Debate Post-Mortem

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Here are my thoughts on last night’s Leaders’ Debate — actually, more on the leaders themselves…

Stephen Harper was calm, cool and collected. But a convulsion went through me every time he tried to pass off his evil smirk as a geniune smile.

Paul Martin looked old, tired and beat up. History may prove me wrong, but I think he’s done.

This is the first time I’ve seen Jack Layton speak at length. The guy had some decent points to make, if he could only shut his mouth once he was finished. And the dude’s got the smallest hands I’ve ever seen!

Most surprising for me was Bloc-Quebecois leader Gilles Duceppe. Despite a noticeable language barrier he came across as the evening’s most eloquent speaker, I thought. Too bad he wants to break up the country.

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Oh, and one more thing: Can someone please explain to me why the fuck David Vienneau is on television? This man-munchkin hybrid makes me cringe every time he stumbles through one of his reports from Ottawa on Global National. Who exactly did he blow to get on panel for this debate?

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About Andrew

Mobile phones, Linux and copyright reform. Those go together, right?
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2 Responses to Debate Post-Mortem

  1. Ed Miller says:

    AC:

    There used to be another guy on Global that covered the political beat for them, Robert something, but they got rid of him because he wasn’t exciting enough. But he knew his stuff and would have been much better than The Head That Talks Like A Man.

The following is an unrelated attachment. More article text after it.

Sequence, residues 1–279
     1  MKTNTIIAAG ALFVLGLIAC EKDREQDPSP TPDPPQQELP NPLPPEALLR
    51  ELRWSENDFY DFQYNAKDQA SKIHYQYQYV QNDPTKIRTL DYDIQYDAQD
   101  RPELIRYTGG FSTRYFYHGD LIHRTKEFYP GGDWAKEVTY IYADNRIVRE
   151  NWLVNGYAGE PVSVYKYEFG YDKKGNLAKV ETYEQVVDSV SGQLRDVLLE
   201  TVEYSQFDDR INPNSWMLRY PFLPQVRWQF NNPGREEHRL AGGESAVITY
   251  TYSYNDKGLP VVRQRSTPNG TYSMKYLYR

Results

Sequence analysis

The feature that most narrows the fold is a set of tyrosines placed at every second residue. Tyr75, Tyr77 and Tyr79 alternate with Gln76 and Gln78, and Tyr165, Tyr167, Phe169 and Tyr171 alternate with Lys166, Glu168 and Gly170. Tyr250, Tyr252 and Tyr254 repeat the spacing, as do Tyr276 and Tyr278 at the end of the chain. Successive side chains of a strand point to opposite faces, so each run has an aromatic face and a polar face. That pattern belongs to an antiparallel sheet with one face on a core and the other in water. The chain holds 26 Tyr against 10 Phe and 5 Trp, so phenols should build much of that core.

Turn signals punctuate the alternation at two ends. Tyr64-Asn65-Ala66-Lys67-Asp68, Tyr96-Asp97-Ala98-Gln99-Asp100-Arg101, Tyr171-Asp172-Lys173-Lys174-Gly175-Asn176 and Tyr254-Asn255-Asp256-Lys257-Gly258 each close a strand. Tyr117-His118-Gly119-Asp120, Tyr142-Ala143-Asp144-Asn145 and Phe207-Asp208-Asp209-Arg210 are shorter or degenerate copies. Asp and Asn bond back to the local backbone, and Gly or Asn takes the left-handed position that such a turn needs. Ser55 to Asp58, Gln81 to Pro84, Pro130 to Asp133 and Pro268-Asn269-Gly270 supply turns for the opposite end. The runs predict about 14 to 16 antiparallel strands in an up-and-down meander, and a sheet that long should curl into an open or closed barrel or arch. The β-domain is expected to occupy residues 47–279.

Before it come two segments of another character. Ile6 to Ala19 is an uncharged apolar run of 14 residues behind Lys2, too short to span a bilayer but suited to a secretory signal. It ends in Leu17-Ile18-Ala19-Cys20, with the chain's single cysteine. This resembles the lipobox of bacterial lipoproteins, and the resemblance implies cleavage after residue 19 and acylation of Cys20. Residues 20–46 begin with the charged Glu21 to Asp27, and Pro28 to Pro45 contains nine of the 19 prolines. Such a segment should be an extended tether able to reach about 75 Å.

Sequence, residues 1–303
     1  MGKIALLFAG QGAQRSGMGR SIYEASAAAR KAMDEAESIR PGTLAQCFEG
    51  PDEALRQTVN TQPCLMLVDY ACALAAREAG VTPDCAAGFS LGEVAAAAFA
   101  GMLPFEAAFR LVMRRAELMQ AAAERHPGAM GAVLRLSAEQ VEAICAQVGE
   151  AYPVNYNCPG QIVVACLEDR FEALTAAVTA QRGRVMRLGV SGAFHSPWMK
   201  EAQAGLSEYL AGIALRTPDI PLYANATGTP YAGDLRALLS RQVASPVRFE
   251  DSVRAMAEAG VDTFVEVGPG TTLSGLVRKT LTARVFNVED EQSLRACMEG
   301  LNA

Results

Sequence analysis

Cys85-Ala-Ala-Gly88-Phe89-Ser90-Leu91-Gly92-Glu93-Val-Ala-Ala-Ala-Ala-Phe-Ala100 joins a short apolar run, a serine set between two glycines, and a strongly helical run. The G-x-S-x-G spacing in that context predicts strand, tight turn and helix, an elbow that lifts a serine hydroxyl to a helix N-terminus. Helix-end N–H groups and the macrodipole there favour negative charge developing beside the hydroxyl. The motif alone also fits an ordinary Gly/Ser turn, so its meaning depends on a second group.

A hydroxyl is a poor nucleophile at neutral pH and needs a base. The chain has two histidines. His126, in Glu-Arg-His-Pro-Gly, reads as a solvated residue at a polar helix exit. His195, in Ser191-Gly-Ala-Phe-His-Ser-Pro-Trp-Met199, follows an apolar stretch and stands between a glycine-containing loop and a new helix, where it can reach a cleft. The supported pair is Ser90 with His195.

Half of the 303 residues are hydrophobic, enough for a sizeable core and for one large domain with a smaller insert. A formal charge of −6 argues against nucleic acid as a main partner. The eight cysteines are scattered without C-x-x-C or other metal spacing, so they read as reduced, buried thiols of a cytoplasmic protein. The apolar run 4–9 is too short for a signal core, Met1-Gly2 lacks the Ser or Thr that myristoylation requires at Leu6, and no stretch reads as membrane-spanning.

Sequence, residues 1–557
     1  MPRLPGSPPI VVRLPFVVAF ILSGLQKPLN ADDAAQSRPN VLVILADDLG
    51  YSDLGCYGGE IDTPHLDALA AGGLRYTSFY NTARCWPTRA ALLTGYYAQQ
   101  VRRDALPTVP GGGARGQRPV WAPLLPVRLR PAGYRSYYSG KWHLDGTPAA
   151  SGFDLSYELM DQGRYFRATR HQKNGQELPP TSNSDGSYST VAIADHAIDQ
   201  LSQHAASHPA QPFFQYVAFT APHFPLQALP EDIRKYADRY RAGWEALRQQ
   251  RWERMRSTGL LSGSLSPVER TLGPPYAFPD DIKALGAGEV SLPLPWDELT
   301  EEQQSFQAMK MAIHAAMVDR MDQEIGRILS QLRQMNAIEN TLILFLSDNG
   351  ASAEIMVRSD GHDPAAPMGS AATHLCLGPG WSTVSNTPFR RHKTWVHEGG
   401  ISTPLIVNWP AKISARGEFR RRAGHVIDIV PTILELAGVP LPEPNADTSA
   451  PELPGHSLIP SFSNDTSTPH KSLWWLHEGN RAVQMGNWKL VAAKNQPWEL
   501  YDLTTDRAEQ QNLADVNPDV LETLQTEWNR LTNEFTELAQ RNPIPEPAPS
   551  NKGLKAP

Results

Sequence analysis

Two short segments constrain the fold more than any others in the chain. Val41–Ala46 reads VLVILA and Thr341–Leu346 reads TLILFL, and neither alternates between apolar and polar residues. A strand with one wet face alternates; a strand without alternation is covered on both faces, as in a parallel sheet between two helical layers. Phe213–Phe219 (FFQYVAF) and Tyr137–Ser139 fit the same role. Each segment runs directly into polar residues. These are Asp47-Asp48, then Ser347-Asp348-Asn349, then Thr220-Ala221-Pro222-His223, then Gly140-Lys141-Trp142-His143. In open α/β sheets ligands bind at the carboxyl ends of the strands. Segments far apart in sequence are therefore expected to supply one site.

I don’t find Harper’s smile evil, but he does remind me of several insurance salesmen I’ve had to talk to. Layton is his own worst enemy –reading his opening speech from a 3-ring binder in front of him (note: memorize the biggest speech of your campaign, Jack –everyone else did, including Duceppe whose first language isn’t English). I agree that Martin looks tired, but he’s still probably the best choice of leader, ignoring policy, scandal, party, etc.
    I’ve decided to not watch debates any more because they end up being pissing matches with people yelling. I’d rather see the leaders compete in a Fear Factor episode to prove their worthiness of leading our nation using television. Say, have my views of politics been shaped by the whoring gods of television? Yeesh!

    Ed

  2. Ross McKie says:

    I believe it was Robert Fisher you’re recalling from the supposed halcyon days of Canwest. He’s a news reader for CBC radio now and a sometime contributor to the now defunct TVO “Fourth Reading” magazine show.

    -ross mckie

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